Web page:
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    Re: Navigational reinvention
    From: Trevor Kenchington
    Date: 2004 Nov 25, 18:58 -0400

    Thank you for your posting -- some of which I was familiar with and some
    By way of clarification: You wrote:
    > As Trevor has pointed out, during one of the ice age periods, with the
    > coastline much lower, the gap between Asia and Australia was lessened.
    > Trevor says it was 20+ miles, another figure I have come across is 65
    > miles as the minimal barrier of water.
    My "20+ miles" referred to the Lombok Strait, apparently crossed by
    600,000. There are other and wider gaps between Lombok and Australia. I
    think the shortest crossing, at Ice-Age sea levels, did not take
    migrants east to Papua and the south but rather south from Timor to what
    is now Australia's North West Shelf but was then a wide lowland. That
    would have been about a 65-mile crossing.
    There is a shallow area near the outer edge of the North West Shelf
    (called the "Cootamundra Shoals" perhaps?) which, being within
    SCUBA-divable depths, drew an archaeological investigation in the late
    1980s or thereabouts. They didn't find any evidence of a human presence
    but that doesn't mean that some Palaeolithic hunter didn't walk the area
    long before.
    > If we look elsewhere during prehistoric times, the use of wheeled carts
    > drawn by cattle was common across Asia, India and Europe over many tens
    > of thousands of years ? miniature models of them are not rare in Russian
    > museums (I?ve seen ?em!) excavated from a variety of sites. In these the
    > ancestors of many of today?s Europeans are thought to have migrated from
    > Asia, after the glaciers retreated. Boatbuilding skills are a natural
    > progression from wagon building skills, once people settle along a coast.
    Wagon-building can only follow domestication of draught animals,
    presumably first turning the aurochs into the ox, then later the horse
    into an animal large enough to handle chariots. That must confine wagons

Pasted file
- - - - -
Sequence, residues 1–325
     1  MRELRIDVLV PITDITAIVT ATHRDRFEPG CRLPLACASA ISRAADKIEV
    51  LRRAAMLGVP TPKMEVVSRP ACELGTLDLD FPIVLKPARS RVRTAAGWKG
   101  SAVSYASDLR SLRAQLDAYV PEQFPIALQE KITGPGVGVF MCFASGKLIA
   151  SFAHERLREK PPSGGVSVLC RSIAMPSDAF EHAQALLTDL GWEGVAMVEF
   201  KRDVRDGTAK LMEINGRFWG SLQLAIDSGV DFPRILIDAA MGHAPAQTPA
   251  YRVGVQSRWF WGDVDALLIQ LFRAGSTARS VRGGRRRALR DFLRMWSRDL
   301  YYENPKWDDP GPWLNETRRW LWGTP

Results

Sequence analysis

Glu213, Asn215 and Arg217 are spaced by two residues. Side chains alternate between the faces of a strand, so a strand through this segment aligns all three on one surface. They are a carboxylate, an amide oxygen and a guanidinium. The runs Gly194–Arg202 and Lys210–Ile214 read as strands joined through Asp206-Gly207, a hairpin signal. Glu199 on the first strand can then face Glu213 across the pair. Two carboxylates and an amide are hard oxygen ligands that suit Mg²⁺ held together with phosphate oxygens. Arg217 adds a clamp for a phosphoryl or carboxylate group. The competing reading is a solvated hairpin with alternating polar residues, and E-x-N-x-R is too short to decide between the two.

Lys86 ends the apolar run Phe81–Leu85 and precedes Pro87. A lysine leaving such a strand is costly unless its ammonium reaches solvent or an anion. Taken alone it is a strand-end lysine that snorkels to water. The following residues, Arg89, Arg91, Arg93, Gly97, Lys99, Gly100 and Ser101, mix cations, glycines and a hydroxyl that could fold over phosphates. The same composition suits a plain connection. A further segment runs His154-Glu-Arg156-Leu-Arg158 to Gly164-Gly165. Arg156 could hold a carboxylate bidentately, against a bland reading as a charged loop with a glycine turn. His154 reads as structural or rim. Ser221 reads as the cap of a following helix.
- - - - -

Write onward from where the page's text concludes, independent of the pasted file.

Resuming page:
to, what, the past 20,000 years? Sea-going boats extend back at least
    twice as far and maybe 30 times further. Simple boats for sheltered
    waters must have been developed considerably earlier still. Or do we
    postulate that cattle were domesticated much earlier than can be
    confirmed from the archaeological record?
    I'd suggest that wagon-building skills in many cultures were a natural
    progression from boat-building.
    My father was an architect and used to like to joke that he was member
    of the world's second-oldest profession. I, however, am not convinced
    that humans started building houses before they started building water
    craft and navigating them. Which perhaps shouldn't be too surprising:
    Biologically, we are land animals and we can exploit the resources of
    the land without needing more technology than hand tools. The plentiful
    resources of the sea, however, are essentially out of reach unless we
    have access to some sort of boat. (Consider how difficult it is to get
    yourself and a basic tool kit out to a boat on her mooring if you have
    to swim, compared to how easy it is to achieve the same thing given even
    the simplest of boats -- whether a child's inflatable or the bark
    bundle-raft which served much the same purpose before modern plastics).
    There was a strong ecological imperative driving our ancestors to
    develop boats.
    Mariners and navigators, even amateurs as most of us are on this list,
    can rightly be proud of carrying on a _very_ long human tradition.
    Trevor Kenchington
    Trevor J. Kenchington PhD                         Gadus{at}iStar.ca
    Gadus Associates,                                 Office(902) 889-9250
    R.R.#1, Musquodoboit Harbour,                     Fax   (902) 889-9251
    Nova Scotia  B0J 2L0, CANADA                      Home  (902) 889-3555
                         Science Serving the Fisheries

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